Educational films, for example, which became very popular in the post-war classroom, sought to deal with challenges facing Americans in communities across the nation and thus had to, over time, engage with things like class, gender and race inequities. Teachers needed such films to help their students understand the world they were living in. So, as America was dealing with these issues on a national level – with civil rights legislation, for example – films were made to get students to think about such things in the context of their own lives. What makes such films interesting now is looking at how they change over time. A film that engages with race or gender in the 1950s is really different than one from the 1970s, and we can learn a good deal from those changes.
TA: What does looking at race in these films tell us? I mean, is it a reflection on American culture? The culture of film-making?
Gordon: It’s a reflection on both. Some of the richest films we encountered while researching this book were student films produced at UCLA and USC. Not surprisingly, many film students at these schools in the 1960s and 1970s were politically engaged. So where even mainstream educational films might tiptoe around certain issues, student filmmakers dove into a subject without worrying about offending or pleasing their audience. These student filmmakers often went into the communities in which they lived or which they lived just outside of, in this case around Los Angeles, and captured small stories that are revelatory about the ways that race impacted people’s daily lives. You just wouldn’t have seen these kinds of stories on the big screen.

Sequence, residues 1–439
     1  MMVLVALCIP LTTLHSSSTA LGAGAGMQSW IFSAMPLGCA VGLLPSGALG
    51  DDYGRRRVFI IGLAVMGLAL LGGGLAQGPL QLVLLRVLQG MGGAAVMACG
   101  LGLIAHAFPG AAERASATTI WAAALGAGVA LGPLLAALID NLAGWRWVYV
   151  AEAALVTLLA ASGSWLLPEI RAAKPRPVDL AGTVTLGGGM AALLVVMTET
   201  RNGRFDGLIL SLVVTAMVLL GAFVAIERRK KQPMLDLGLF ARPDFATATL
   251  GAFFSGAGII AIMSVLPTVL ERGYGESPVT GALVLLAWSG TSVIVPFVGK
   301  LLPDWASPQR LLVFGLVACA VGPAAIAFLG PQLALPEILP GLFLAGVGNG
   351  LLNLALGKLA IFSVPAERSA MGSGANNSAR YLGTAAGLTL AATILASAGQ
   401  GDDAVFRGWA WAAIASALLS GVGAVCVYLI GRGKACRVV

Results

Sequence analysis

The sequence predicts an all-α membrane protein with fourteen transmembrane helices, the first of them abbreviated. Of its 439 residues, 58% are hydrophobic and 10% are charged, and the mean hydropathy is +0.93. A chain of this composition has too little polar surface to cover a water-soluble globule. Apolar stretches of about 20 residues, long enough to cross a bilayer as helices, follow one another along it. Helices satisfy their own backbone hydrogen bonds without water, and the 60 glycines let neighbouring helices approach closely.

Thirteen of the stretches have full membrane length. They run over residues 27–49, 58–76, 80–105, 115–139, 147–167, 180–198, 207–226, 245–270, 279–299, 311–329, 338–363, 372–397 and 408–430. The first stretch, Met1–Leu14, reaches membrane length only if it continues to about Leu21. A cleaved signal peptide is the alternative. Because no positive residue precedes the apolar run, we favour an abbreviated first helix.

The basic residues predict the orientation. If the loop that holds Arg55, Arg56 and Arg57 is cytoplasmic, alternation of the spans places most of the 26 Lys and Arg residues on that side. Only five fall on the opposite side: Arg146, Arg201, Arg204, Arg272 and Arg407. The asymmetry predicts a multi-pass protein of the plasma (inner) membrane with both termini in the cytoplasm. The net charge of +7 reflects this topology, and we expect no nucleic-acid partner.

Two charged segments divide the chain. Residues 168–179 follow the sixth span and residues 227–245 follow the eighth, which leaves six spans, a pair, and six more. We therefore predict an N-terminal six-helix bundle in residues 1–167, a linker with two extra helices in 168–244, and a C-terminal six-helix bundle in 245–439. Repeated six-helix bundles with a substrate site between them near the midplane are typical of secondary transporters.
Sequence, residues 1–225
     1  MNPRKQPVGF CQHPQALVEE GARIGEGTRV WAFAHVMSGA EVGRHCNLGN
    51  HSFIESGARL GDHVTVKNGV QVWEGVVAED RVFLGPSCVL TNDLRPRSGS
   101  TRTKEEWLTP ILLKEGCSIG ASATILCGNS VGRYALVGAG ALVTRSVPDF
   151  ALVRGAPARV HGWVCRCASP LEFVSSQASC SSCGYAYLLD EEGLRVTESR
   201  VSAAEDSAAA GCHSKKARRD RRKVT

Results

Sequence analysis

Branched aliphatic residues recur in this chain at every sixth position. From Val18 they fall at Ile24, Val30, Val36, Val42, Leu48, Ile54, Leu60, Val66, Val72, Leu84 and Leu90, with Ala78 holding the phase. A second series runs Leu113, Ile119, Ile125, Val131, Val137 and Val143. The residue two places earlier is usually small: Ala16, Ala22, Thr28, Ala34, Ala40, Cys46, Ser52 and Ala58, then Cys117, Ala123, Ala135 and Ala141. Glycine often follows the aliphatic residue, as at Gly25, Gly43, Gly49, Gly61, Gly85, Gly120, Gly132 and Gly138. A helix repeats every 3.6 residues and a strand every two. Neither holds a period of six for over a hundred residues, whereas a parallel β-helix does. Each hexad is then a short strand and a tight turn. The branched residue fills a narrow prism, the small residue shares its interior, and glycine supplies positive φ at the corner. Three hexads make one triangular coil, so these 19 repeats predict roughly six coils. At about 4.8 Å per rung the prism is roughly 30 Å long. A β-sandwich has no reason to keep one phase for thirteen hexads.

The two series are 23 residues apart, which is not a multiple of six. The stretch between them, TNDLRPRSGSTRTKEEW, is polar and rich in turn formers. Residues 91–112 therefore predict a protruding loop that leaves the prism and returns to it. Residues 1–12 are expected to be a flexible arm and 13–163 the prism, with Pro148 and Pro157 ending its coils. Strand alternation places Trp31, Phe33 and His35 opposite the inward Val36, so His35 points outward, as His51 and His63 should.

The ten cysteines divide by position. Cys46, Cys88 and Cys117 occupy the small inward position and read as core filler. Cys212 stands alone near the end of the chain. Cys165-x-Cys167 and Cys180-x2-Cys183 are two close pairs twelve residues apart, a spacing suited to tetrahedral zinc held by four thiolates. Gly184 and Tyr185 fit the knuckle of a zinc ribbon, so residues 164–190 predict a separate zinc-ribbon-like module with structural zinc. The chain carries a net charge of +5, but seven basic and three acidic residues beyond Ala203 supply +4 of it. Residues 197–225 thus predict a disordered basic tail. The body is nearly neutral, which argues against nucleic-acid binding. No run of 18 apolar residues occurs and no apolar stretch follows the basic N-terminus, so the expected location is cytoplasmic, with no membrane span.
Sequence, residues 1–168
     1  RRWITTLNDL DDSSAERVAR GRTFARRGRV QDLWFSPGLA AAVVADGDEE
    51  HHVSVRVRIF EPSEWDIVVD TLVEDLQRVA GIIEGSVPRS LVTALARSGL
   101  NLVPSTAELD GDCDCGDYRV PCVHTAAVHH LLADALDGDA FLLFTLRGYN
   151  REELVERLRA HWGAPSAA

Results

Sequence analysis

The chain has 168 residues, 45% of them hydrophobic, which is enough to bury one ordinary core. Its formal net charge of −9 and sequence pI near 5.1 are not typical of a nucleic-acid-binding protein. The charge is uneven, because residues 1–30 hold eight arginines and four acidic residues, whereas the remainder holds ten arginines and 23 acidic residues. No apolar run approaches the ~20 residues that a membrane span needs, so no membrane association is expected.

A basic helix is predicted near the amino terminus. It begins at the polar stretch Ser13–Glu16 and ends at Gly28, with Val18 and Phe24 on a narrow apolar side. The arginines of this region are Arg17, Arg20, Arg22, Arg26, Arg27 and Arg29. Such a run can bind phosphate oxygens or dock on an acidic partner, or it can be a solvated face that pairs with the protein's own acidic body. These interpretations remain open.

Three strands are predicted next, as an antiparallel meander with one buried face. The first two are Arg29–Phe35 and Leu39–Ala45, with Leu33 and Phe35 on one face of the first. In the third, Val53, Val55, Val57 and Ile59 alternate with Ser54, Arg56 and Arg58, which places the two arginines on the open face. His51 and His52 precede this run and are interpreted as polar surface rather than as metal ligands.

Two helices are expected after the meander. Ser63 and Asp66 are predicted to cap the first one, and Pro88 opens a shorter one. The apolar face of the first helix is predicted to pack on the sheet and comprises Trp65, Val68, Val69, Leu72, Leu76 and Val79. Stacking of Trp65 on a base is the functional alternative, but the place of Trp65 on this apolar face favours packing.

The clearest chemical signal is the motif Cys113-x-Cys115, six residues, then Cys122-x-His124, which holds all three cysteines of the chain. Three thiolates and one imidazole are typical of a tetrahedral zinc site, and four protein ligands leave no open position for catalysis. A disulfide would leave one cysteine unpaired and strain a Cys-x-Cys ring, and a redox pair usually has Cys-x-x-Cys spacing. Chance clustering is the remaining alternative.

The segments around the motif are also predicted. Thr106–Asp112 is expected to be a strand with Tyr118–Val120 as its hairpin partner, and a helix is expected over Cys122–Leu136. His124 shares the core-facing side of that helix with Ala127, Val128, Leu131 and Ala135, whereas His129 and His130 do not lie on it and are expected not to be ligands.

Small, independently produced documentaries, like the film that really inspired this entire collection – Felicia (1965), which I encountered through NC State alumnus Skip Elsheimer’s A/V Geeks Archive – can really change the way you think about a time and place. In this case, the time and place were the Watts neighborhood of Los Angeles before the uprisings that forever transformed that community during the summer of 1965. This film so moved me and my co-editor, Allyson Nadia Field of the University of Chicago, that we deeply researched it, published an article about it, and then decided to continue to put together a collection of essays that grew out of our belief that there were many other films like this one that were made and have been lost to history, but which are valuable, instructive, and moving to rediscover.
TA: This is a book explicitly about race, and you’re white. How did you get involved in the project, and how did you approach the material, given your lack of lived experience as a person of color?